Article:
Indigenous empowerment for climate-resilient solutions in Africa
At COP 28 side event Indigenous leaders discussed empowering Indigenous communities with financial resources and inclusive carbon markets to scale up climate solutions.
At COP 28, the FSC Indigenous Foundation, the Indigenous Peoples of Africa Coordinating Committee (IPACC), the United States Agency for International Development (USAID)’s Inclusive Development Hub convened experts at an event on December 5 in the Indigenous Peoples Pavilion, Engaging Indigenous Peoples in Carbon Markets: Direct access to climate finance for Indigenous communities in Africa to increase awareness of the unique contributions of Indigenous communities to climate resilience and to discuss opportunities, challenges and solutions related to direct climate finance and carbon markets.
The need for direct and inclusive mechanisms
The global challenges of biodiversity loss and climate change require urgent and collaborative action. Indigenous communities, often the stewards of rich biodiversity, possess unique knowledge and sustainable practices that can significantly contribute to climate resilience. By fostering direct access for Indigenous Peoples to climate finance, we can empower Indigenous communities in Africa to implement sustainable solutions, contributing significantly to the broader goals of biodiversity conservation and climate resilience.
Carbon markets could be a way of empowering Indigenous Peoples by paying them for protecting the world’s forests. Indigenous and community lands hold at least 22% of the carbon stored in tropical and subtropical forests globally. These markets have the potential to create a unique opportunity for Indigenous communities to develop an economic sector aligned with Indigenous lifestyles, Indigenous Cultural Landscapes, and sustainable land management. It is also an opportunity for governments and industry to co-create meaningful partnerships and develop relevant policies with Indigenous Peoples.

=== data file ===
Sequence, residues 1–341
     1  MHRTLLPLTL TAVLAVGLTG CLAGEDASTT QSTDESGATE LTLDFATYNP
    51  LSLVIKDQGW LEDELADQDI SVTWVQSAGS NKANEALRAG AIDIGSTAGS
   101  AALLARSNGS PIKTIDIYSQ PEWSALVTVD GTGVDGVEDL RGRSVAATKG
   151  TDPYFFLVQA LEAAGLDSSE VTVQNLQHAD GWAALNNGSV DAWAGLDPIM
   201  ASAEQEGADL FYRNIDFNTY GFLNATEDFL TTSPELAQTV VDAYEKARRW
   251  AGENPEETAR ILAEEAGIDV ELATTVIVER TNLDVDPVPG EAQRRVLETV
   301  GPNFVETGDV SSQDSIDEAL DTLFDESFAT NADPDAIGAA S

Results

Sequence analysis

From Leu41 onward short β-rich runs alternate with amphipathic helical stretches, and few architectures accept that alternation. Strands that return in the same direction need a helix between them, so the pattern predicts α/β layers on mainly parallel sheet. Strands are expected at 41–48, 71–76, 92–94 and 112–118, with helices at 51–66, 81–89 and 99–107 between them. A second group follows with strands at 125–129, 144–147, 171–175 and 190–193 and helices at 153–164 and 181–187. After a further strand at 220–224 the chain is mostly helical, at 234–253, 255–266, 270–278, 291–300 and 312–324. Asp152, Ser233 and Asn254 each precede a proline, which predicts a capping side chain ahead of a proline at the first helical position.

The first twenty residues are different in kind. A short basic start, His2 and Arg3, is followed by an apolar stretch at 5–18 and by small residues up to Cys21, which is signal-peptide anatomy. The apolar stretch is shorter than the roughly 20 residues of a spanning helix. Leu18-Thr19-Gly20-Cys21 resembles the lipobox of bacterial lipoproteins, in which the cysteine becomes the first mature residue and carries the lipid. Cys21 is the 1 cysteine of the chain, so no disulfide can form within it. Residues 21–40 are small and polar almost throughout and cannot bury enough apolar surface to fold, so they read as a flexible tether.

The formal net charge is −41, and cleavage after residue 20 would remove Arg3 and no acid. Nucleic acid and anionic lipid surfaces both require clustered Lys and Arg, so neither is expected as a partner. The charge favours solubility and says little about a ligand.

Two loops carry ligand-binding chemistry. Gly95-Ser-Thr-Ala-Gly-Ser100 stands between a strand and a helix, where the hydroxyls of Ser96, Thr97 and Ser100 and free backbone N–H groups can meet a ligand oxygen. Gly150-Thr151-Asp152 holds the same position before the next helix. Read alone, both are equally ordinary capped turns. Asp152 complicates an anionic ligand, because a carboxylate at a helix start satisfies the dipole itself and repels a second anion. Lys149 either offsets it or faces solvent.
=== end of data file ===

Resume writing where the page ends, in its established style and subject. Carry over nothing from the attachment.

On the other hand, some Indigenous communities fear that further development of carbon markets, even with the new rules agreed to at COP 27, will endanger local livelihoods and create loopholes for further emissions. Markets must be designed in a transparent way that responds to the needs and realities of Indigenous communities.
Perspectives from Indigenous leaders
We took the opportunity of COP28 to create an inclusive space to identify the key constraints, challenges, and opportunities of climate finance and carbon markets.
To begin the event, Hindou Oumarou Ibrahim, FSC Indigenous Foundation Council Chair gave opening remarks.
“What is the carbon market, and how is it going to respect the land and rights of Indigenous Peoples?” she asked. “If governments are going engage in the carbon market, we are not going to let them do it without getting the benefit and we are not going to let them do it while harming our lives and our territories.”
A panel with Indigenous leaders and partner organizations shared perspectives and key insights on how we can engage stakeholders from the realms of climate finance, environmental policy, and Indigenous rights advocacy to ensure direct access to finance for Indigenous communities.
Panelists also discussed how Indigenous Peoples can benefit from carbon markets, and which concerns need to be addressed for more Indigenous Peoples to participate.
“There is a big debate that carbon is a false solution”, said Kanyinke Sena, Executive Director of IPACC. “We must understand that carbon in itself is not a bad thing, what is a bad thing is the people that use that to come and benefit – the carbon cowboys.”
He also emphasized the importance of Free, Prior, and Informed Consent (FPIC) for communities engaging in the carbon market.
Elijah Toirai, Natural Climate Solutions (NCS) and Communities Lead at Conservation International discussed registration for carbon credits and the importance of carbon market reports remaining public. “We are seeing a shift towards Indigenous Peoples communities becoming the carbon credit entity. The Indigenous Peoples’ communities and organizations are registering the projects. That way, when it comes to benefit sharing, the buyers actually then pay to these Indigenous Peoples’ organizations,” he said.
Joseph Itongwa, Coordinator of REPALEAC and IPACC Great Lakes representative, posed an important question: “Where can we report the wrongdoers in the carbon credit equation?”
The question and answer section presented the opportunity to exchange knowledge and information from other regions.
“We, the Indigenous Peoples, have organized ourselves and have proposed our own climate strategy, called the Amazon Indigenous Network, in the face of this challenge. We are looking for the rights of Indigenous Peoples to come first, and the right of access to the territories. We are implementing REDD (Reducing Emissions from Deforestation and Degradation) with the guidelines of the Amazon Indigenous Network,” said Fermín Chimatani Tayori of the National Association of Contract Executors for the Administration of Communal Reserves of Peru.
Panelists concluded that it is vital to ensure the respect of Indigenous Peoples’ rights in the development of carbon markets. Indigenous Peoples need to be included in the design of these mechanisms so they can engage in carbon markets, if they so choose, in favor of their communities, landscapes, and cosmovision.